On December 19, 2005, Milan vice-president and executive director Adriano Galliani announced that the team is seriously working to move out from San Siro. He said that Milan's new stadium will be largely based on the Veltins-Arena and following the standards of football stadiums in the United States, Germany and Spain. It will likely be a stadium for football purposes only (with no athletics track). The new stadium is supposed to be named after a sponsor.[21] It remains to see if this plan will proceed or if this is just a ploy to force the owners (Comune di Milano) to sell the stadium to Milan for a nominal fee so as to proceed with extensive renovations. Rumours have also surfaced of Internazionale's intention to also build a new stadium which may also affect this decision.
Milan is one of the most supported football clubs in Italy, according to an August 2007 research by Italian newspaper La Repubblica. Historically, Milan was supported by the city's working-class and trade unionists,[23] a section of whom were migrants from Southern Italy. On the other hand, crosstown rivals Internazionale were mainly supported by the more prosperous and typically Milanese middle-class.[23] One of the oldest ultras groups in all of Italian football, Fossa dei Leoni, originated in Milan.[24] Currently the main ultras group is Brigate Rossonere and has been since the mid-1970s. Politically, Milan ultras have never had any particular preference,[24] but the media have traditionally associated them with the left-wing, until recent times under Berlusconi's presidency where they are considered somewhat right-wing.[26]
Genoa fans consider Milan a hated rival after Genoa fan Vincenzo Spagnolo was tragically stabbed to death by a Milan supporter in January 1995.] Milan's main rivalry, though, is with intracity neighbor Inter; both clubs meet in the widely-anticipated Derby della Madonnina twice every Serie A season. The name of the derby refers to the Blessed Virgin Mary, whose statue atop the Milan Cathedral is one of the city's main attractions. The match usually creates a lively atmosphere, with numerous (often humorous or offensive) banners unfolded before the match. Flares are commonly present, but they also led to the abandonment of the second leg of the 2004-05 Champions League quarterfinal matchup between Milan and Inter on April 12, 2005, after a flare thrown from the crowd by an Inter supporter struck Milan keeper Dida on the shoulder.
Milan is one of the most successful clubs in Italy, having won a total of 29 trophies, and the most winning team in the world for international competitions won together with Boca Juniors. with a record of 14 European trophies and 4 World titles. Milan have earned the distinction of being allowed to wear a star on their shirt representing the fact that they have won more than 10 scudetti. Added to this Milan are allowed to wear the UEFA Badge of Honour on their shirt during Champions League matches as they have won more than 5 European Cups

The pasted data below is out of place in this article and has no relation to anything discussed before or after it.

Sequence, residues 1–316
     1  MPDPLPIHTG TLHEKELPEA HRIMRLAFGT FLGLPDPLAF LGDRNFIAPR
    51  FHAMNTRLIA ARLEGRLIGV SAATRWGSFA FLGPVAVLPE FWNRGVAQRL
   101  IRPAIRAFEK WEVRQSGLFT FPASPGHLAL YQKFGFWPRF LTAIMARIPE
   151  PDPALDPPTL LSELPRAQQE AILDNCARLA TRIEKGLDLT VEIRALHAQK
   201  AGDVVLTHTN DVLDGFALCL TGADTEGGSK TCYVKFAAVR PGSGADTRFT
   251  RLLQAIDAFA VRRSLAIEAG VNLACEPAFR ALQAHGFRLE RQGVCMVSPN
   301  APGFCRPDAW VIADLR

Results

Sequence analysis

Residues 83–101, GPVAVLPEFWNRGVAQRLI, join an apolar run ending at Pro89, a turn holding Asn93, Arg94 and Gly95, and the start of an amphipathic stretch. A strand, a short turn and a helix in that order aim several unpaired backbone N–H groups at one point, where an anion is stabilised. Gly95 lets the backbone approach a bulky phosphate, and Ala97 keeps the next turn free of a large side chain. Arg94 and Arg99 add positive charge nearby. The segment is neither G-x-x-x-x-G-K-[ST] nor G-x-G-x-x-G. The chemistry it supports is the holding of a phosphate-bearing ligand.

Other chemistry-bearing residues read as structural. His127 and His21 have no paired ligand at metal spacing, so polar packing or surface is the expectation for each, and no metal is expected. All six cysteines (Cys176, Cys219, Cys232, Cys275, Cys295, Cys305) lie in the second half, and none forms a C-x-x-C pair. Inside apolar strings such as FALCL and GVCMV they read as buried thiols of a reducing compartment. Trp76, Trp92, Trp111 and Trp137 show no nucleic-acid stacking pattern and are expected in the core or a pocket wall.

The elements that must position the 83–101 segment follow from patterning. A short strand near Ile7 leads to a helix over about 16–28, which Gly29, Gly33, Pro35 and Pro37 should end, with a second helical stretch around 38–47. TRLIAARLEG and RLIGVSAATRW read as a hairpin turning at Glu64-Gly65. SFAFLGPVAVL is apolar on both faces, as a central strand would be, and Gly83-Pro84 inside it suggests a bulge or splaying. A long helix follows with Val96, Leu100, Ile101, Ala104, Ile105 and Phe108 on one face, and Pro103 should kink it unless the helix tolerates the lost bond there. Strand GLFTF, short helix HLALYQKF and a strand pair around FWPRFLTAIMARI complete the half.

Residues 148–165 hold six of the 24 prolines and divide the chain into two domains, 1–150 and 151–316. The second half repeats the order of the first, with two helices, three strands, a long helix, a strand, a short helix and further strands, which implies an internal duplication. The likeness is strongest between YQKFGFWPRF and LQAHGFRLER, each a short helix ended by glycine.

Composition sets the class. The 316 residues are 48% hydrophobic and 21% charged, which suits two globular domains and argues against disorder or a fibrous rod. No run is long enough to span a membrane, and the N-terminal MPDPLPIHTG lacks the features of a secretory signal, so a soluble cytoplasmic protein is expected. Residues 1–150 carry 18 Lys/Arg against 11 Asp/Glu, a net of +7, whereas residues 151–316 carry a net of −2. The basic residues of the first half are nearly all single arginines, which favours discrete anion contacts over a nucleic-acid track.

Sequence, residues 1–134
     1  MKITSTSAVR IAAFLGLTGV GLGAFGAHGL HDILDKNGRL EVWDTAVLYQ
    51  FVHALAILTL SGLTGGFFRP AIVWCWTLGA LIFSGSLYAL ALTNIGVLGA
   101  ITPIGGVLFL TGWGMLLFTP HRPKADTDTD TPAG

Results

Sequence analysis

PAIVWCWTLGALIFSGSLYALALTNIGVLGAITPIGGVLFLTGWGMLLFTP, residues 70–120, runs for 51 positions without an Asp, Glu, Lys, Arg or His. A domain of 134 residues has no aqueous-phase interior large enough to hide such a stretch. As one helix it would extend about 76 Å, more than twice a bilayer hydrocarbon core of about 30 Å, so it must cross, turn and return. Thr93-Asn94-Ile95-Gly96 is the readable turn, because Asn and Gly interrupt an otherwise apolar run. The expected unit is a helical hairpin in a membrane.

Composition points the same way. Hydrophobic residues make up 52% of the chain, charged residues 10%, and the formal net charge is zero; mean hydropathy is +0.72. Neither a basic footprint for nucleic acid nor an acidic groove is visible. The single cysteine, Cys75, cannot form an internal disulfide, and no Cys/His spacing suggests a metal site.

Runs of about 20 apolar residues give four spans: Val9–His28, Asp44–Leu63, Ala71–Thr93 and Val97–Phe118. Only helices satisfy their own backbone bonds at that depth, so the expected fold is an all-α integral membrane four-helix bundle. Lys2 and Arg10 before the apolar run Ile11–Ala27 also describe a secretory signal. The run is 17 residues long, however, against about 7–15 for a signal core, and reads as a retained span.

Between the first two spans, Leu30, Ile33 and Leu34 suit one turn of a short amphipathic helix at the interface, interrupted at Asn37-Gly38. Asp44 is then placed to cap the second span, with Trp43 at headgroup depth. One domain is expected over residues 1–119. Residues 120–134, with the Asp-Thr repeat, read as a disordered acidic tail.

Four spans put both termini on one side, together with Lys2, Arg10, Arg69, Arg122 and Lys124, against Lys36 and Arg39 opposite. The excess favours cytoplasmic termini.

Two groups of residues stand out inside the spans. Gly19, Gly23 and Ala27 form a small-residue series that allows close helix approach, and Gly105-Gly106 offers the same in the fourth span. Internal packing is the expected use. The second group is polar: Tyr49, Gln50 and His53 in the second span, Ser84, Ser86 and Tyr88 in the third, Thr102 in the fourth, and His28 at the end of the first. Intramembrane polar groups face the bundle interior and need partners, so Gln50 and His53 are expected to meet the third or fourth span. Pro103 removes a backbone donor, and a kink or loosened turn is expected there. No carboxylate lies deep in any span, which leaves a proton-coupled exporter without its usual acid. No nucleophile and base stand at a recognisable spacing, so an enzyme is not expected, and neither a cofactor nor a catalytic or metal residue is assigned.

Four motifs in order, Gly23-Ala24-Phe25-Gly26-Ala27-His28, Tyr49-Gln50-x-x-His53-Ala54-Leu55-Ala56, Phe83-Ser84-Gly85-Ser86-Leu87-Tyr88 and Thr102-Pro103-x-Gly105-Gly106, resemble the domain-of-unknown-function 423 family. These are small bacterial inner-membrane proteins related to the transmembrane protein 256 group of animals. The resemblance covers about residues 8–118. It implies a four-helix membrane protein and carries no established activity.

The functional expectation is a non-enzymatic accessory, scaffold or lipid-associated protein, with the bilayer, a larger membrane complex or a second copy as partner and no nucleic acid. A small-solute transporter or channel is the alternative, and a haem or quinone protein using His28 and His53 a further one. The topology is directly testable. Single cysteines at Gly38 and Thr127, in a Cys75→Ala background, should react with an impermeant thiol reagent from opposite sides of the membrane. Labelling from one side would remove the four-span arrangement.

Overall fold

According to The Football Money League published by consultants Deloitte, in the season 2005–06, Milan was the fifth highest earning football club in the world with an estimated revenue of €233.7 million.[31] Currently the club are also ranked as the 6th richest football club in the world by Forbes magazine, making them the richest in Italian football.
The Austrian on-line betting company bwin.com are currently Milan's main shirt sponsors after signing a 4 year deal at the start of the 2006–07 season.[33] Previous to this deal, the German car manufacturer, Opel had sponsored Milan for 12 seasons. For most of them, Opel was displayed on the front of the shirt, but in the 2003–04 and the 2005–06 seasons respectively, Meriva and Zafira (two cars from their range) were displayed.
The current shirts are supplied by German sportswear manufacturer Adidas, whose deal runs to the end of the 2017–18 season.[34] The deal makes Adidas the official manufacturer of all kits, training equipment and replica outfits. Prior to Adidas, the Italian sports company, Lotto produced Milan's sportswear.
On the 14th of January, 2008, AC Milan and Adidas renewed the sponsorship contract until 30th of June, 2018. According to the new contract, Adidas will be responsible for 3 separate areas of sponsorship: the sponsorship on the shirt, the merchandising and the distribution of all non-football related Milan products. [35]
AC Milan also sponsors the Scuderia Playteam in the new Superleague Formula race car series where teams are sponsored by football clubs. Robert Doornbos, formerly driving for Minardi and Red Bull Racing in the Formula One World Championship, will drive for AC Milan. Doornbos won his first race for the team at N├╝rburgring, Germany.

Source: www.wikipedia.com